Ontario students have their say with parallel vote, electing a majority NDP government
Student Vote sees NDP walk away with 66 seats, followed by PCs with 45, Liberals with 11, Greens with 2
More than 280,000 elementary and high school students made their voices heard in the 2018 Ontario Student Vote, turning out to elect a majority New Democratic Party government.
The students won't be able to vote in real elections until they turn 18, but that didn't stop the young voters from participating in the province-wide program, run by Civix, a national civic education charity that aims to foster active and engaged citizenship among young people.
Some teachers participating in the program opted to give students a choice of whether or not to vote, while others had their students participate as a class. Students took on the role of election officials, with the votes counted up by each school and reported to Civix.
A 'significant' impact on students
As a result of the vote, the NDP walked away with 66 seats, representing 32 per cent of the vote, with leader Andrea Horwath winning in her district of Hamilton Centre.
The Progressive Conservatives become the official opposition, taking 45 seats (27 per cent of the vote) and the Liberals finished third, narrowly hanging on to their official party status with 11 seats (19 per cent of the vote). PC leader Doug Ford hung on to his district of Etobicoke North and Liberal leader Kathleen Wynne lost Don Valley West to that riding's NDP candidate.
What makes this even more incredible is the timing. This is the busiest time of year for schools- Taylor Gunn, President and CEO of Civix
And the Green Party finished a distant but historic fourth, taking two seats — in Guelph and Parry Sound-Muskoka — with leader Mike Schreiner winning his electoral district of Guelph. That means not one but two Green Party MPPs, shaking up the status quo at Queen's Park, where until today it had no seats.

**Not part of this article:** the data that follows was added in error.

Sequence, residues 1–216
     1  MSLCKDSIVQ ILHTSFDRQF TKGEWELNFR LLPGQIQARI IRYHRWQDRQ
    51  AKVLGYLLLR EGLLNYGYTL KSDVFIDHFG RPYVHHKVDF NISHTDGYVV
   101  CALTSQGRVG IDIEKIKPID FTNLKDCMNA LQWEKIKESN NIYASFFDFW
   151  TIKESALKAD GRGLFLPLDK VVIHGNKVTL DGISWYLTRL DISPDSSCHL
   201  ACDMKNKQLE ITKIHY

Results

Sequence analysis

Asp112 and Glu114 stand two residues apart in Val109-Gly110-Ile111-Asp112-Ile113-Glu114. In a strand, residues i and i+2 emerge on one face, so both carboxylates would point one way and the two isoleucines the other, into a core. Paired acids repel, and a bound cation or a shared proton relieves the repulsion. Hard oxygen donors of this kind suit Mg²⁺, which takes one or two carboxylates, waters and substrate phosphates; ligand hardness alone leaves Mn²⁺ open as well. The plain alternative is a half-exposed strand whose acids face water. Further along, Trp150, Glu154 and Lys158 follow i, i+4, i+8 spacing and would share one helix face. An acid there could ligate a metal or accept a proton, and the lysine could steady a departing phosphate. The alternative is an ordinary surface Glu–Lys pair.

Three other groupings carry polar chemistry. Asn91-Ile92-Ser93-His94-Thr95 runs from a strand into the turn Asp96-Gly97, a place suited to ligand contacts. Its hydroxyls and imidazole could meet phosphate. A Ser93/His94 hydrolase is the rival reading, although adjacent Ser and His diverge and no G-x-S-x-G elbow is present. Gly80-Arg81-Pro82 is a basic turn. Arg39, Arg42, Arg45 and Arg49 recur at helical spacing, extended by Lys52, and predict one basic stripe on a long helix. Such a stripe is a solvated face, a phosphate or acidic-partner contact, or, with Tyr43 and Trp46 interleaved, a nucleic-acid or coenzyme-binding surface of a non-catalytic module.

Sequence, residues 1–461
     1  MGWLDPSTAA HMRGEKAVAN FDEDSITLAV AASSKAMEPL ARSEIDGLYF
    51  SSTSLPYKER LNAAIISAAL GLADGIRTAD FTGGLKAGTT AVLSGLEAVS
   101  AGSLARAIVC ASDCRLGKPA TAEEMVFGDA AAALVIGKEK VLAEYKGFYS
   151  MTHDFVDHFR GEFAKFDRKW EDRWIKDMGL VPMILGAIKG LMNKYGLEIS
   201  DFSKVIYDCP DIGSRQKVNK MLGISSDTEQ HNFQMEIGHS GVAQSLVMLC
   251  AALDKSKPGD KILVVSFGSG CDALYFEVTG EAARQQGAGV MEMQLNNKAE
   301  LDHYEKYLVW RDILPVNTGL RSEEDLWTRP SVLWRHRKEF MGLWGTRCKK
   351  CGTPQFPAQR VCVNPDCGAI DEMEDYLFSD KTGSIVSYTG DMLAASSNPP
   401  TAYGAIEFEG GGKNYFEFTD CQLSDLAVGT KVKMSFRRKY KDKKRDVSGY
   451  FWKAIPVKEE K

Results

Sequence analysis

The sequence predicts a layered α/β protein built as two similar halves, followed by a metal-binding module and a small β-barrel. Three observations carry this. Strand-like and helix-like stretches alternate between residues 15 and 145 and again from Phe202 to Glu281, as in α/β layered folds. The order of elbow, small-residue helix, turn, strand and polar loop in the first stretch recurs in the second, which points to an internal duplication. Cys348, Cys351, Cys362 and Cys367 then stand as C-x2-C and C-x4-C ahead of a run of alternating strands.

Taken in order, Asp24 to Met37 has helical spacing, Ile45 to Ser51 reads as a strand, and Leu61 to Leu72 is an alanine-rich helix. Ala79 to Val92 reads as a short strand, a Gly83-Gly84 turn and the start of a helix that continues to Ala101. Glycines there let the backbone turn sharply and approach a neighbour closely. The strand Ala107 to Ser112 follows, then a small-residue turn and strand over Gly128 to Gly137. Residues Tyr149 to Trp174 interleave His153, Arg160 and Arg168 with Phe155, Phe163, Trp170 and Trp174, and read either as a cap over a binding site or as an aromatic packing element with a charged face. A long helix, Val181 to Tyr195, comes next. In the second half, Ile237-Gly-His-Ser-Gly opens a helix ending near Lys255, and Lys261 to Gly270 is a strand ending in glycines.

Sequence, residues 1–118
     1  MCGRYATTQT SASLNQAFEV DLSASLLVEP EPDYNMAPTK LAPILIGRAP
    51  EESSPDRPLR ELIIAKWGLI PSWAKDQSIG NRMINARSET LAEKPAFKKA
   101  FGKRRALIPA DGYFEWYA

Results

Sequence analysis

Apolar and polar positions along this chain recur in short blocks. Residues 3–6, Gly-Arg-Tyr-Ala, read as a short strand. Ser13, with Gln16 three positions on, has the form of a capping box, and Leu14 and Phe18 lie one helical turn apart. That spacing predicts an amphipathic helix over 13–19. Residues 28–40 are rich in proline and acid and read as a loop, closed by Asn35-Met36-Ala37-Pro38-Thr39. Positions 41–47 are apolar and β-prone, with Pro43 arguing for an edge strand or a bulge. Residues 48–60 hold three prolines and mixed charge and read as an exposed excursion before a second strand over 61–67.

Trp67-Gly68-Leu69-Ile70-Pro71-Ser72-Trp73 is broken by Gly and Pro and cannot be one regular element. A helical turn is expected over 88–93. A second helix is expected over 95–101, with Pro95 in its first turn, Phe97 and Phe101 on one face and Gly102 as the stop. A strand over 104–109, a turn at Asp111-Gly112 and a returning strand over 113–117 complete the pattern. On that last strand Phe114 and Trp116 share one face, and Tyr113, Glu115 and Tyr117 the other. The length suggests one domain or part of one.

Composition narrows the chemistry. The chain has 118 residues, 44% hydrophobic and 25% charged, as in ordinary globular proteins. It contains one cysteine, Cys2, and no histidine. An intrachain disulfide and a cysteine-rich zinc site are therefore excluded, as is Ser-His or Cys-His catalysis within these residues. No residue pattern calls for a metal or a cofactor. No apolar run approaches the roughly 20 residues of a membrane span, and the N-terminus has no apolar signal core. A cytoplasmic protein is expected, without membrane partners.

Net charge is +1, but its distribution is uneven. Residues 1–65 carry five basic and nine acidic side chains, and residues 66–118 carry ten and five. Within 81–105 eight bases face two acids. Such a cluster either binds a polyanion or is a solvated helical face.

Of the 280,691 ballots cast, 7,103 students opted to reject their ballots, 2,562 declined theirs and 2,935 left theirs unmarked.
And as for the issues that mattered to student voters, Civix spokesperson Dan Allen told CBC News, the issues were largely the same as those of concern to adults.
"It's getting my friends talking and other people talking about the candidates," said student Tianna McFarland. "Now I feel more prepared to vote since I know how the voting process works, more about the candidates and the parties, and I have my own opinion on things.
It's the fifth time the project has been conducted in Ontario and it's reportedly having a "significant" impact when it comes to cultivating engagement in the civic process, according to an independent evaluation commissioned by Elections Canada.
"What makes this even more incredible is the timing. This is the busiest time of year for schools with culminating activities, assessments and exams, and more than 5,000 teachers have made citizenship education a priority," said president and CEO of Civix Taylor Gunn.
But it isn't just the students who are being energized by the program. In addition to the 83 per cent of students who said they would vote in the future as part of the evaluation, almost 30 per cent of parents said the program positively affected their decision to vote.
Participation in this year's Student Vote was up 60 per cent compared to the 2014 provincial election, where 173,072 votes were cast across 1,388 schools.
In that election, students elected a Liberal majority government.